19.6 Inner product spaces
19.6.1 Inner products
Every inner product \sayinduces a norm, which is to say that if we have an inner product, we can define the norm
To show that this actually is a norm it is necessary and sufficient to show that it satisfies the four norm axioms.
Homogeneity. Consider , for which
(19.146) (19.147) (19.148) (19.149) (19.150)
TODO: other proofs
Norms which are not induced norms
We will pretend these do not exist (but be aware that they do most definitely exist)!!!
Hopefully you know what perpendicular means. We would like to generalise this notion to a more abstract setting; we can say that
Let V be an inner product space over a field F, then two vectors are orthogonal if and only if their inner product is zero; that is if we let
We can denote this as (read \say and are orthogonal).
This is not the most exciting definition, but it is a very useful one!
Consider the vector space . The two vectors
are orthogonal with respect to the dot product.
We can just apply the definition, recall that
And therefore, the two vectors are orthogonal.
19.6.4 Some useful properties orthogonal vectors possess.
Let be a set of non-zero pairwise orthogonal vectors (that is, any two vectors are orthogonal - as defined in 19.6.1), then this set is linearly independent.
19.6.5 Orthonormal bases
Let be a finite-dimensional vector space, and let be a basis for this vector space. Then, (spoiler alert) we know that for all that
We can prove this as follows. First we know that for some scalars that as is a basis.
We now want to find the values of (for any ). We know that for all
Then as is an orthogonal basis, we know that all the terms are zero
19.6.6 Gram-Schmidt orthonormalisation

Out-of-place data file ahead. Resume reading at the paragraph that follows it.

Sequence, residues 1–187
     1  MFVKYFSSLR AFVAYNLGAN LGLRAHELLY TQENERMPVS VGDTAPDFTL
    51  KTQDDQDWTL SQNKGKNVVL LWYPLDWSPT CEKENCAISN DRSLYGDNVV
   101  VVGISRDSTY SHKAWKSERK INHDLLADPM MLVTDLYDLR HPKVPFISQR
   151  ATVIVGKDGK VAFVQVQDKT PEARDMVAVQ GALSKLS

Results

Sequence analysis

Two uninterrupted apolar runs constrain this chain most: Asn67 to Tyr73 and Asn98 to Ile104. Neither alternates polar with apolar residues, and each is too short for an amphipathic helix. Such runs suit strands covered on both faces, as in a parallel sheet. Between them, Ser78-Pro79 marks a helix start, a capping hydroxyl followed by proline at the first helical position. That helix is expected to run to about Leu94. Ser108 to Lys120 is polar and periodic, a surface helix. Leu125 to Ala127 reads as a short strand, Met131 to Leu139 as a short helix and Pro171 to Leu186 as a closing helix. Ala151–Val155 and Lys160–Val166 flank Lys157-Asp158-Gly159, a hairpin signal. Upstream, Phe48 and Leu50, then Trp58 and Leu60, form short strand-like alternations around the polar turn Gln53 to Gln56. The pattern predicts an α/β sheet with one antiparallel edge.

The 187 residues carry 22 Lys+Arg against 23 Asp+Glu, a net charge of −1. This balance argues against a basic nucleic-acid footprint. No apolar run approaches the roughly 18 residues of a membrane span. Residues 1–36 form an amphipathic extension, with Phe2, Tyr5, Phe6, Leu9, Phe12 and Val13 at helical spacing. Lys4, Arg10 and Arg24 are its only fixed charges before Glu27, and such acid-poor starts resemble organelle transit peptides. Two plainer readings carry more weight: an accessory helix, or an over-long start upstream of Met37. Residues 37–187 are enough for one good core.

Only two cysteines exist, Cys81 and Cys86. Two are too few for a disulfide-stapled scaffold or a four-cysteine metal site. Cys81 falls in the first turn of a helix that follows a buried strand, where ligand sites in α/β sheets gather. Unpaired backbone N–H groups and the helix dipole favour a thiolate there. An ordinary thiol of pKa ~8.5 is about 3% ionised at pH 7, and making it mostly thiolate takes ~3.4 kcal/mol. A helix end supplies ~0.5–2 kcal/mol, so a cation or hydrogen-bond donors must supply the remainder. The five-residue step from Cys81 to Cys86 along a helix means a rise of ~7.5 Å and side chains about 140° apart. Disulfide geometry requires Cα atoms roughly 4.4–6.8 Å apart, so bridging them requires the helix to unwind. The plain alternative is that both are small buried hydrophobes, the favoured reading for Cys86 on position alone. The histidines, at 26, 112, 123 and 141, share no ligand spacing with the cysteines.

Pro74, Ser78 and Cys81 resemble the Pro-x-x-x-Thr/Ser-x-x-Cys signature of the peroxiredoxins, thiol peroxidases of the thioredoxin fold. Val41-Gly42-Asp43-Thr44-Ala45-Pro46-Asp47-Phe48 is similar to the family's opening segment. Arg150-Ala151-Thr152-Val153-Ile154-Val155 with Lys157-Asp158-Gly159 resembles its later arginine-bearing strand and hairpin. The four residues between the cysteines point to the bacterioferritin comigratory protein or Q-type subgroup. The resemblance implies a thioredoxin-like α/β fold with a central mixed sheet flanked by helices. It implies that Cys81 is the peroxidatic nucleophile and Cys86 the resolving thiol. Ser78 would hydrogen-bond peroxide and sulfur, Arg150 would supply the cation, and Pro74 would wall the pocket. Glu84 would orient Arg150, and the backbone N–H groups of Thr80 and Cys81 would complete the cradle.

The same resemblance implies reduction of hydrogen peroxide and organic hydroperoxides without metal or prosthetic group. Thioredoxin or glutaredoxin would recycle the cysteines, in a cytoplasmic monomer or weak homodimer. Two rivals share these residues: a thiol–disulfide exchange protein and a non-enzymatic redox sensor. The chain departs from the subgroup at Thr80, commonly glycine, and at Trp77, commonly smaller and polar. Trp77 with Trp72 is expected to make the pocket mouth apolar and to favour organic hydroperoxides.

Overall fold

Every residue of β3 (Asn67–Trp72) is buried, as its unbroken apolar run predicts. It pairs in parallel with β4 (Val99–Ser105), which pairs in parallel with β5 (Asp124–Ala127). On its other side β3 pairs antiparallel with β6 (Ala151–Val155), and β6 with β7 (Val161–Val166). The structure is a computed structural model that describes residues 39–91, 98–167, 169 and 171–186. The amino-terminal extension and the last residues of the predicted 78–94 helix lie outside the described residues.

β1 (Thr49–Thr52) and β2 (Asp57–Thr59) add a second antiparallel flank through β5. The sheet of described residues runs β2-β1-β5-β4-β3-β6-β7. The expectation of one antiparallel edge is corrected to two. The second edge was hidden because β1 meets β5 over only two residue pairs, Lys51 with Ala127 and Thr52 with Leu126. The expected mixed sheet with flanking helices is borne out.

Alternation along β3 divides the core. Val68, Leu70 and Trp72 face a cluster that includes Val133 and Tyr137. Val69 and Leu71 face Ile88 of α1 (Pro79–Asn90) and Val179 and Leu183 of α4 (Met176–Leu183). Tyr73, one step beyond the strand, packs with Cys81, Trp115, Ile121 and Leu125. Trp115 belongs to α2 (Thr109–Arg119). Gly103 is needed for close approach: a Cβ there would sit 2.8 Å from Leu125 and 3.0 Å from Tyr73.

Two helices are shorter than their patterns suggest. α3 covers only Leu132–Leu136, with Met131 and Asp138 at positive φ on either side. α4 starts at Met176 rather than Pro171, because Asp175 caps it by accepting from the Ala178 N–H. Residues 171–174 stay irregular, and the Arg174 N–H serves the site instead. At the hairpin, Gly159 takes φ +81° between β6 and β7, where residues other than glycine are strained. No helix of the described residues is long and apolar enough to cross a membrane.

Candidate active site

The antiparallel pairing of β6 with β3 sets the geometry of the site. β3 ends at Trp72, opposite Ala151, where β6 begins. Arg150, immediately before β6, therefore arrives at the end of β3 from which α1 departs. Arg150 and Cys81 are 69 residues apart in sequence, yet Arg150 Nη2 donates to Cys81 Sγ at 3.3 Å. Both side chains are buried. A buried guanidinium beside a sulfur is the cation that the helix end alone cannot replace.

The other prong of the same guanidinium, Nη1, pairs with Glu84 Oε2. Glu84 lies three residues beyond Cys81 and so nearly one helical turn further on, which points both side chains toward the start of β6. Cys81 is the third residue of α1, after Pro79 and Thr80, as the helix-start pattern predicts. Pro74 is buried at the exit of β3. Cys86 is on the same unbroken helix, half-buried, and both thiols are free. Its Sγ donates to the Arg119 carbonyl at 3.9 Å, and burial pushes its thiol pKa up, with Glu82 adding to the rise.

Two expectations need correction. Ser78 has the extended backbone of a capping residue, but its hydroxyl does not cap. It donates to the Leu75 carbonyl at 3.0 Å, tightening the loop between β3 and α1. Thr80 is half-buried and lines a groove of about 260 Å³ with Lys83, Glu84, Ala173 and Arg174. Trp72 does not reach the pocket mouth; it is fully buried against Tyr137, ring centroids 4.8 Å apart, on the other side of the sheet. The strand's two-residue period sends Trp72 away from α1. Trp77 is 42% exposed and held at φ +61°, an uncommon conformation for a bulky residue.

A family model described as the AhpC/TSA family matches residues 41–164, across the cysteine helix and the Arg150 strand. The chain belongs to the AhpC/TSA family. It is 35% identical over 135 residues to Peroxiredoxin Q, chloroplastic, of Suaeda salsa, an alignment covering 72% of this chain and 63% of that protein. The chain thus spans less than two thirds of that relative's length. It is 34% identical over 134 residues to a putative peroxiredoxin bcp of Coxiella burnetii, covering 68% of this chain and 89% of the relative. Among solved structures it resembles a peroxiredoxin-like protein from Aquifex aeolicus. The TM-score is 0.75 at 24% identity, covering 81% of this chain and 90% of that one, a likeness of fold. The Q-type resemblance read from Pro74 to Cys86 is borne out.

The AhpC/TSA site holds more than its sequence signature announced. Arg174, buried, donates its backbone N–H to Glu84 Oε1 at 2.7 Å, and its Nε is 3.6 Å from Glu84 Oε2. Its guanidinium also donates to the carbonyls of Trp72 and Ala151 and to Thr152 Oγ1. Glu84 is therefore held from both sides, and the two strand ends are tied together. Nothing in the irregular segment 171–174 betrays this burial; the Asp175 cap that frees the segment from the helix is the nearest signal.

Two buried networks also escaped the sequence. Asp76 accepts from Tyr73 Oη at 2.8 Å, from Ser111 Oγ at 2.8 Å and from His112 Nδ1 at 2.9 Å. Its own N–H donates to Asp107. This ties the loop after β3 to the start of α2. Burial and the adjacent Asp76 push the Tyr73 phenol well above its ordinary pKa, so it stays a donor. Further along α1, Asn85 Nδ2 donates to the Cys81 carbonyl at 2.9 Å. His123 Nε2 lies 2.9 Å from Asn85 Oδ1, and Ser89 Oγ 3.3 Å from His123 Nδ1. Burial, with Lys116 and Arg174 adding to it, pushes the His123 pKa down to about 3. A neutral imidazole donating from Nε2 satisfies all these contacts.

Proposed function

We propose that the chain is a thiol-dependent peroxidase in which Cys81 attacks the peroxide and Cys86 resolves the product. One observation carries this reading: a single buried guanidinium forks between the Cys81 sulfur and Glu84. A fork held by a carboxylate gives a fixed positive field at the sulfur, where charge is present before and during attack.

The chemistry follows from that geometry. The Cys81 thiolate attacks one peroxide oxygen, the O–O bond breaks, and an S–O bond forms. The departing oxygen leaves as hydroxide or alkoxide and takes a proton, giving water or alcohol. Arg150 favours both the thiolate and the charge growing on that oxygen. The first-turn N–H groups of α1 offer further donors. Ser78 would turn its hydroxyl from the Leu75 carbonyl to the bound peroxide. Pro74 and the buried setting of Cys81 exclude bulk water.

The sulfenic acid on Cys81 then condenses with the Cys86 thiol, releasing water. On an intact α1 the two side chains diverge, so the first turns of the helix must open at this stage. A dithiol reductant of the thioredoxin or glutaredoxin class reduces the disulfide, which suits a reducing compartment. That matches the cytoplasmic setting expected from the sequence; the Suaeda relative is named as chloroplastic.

Gram-Schmidt orthonormalisation provides a useful way to turn a set of linearly independent vectors into a set of orthogonal vectors.
The key idea is that we build our set of vectors inductively, i.e. if our set of vectors is (a finite subset of some vector space ). Then we will order our set (doesn’t matter how, any ordering will do) and start to build sets , such that is an orthogonal set of vectors which satisfies
Clearly the main thing which is missing here is the step which takes us from to . There are a lot of ways to find this step,
Consider specific examples of linear vectors in well-known vector spaces (for example ) and guess the formula 88 8 Pun entirely unintended. for performing this orthonormalisation process.
Try to write a proof for our method and through this try to fill in the actual method.
I will try for the latter, because I think it is an approach which is much more fun. We will start by creating by simply selecting the only element in the first one element of which is by itself orthogonal.
Now, suppose that we have constructed . We would like to find a way to build . Clearly we should add to this set, the question of course is how. We need our new vector, say to be such that
19.6.7 Orthogonal complement
Let V be an inner product space, and be a subspace of V. We define the orthogonal complement of as the set
Let be a vector space, and be a subspace of . In this case wouldn’t it be nice if ?
Yes, it would. We can prove separately that and .
. This direction is the easier one, because we know both and are subspaces and therefore they both contain at least the vector.
. Let us suppose that and , and to prove this by contradiction that , i.e. . Because we know that for all that (this follows directly from the definition of ). As it is also true that , it follows from this that therefore also(19.166)
which is true if and only if , which contradicts our earlier assumption that , and thus this direction is true.
Therefore, the theorem is true.
Theorem 19.6.4 (The very important resolving theorem)
Let be a vector space, of which and are subspaces, then for every vector there exist unique vectors such that
Let be a vector space, of which is a subspace. Then
This theorem follows mostly from the definitions. First, let and , then our goal is to show that .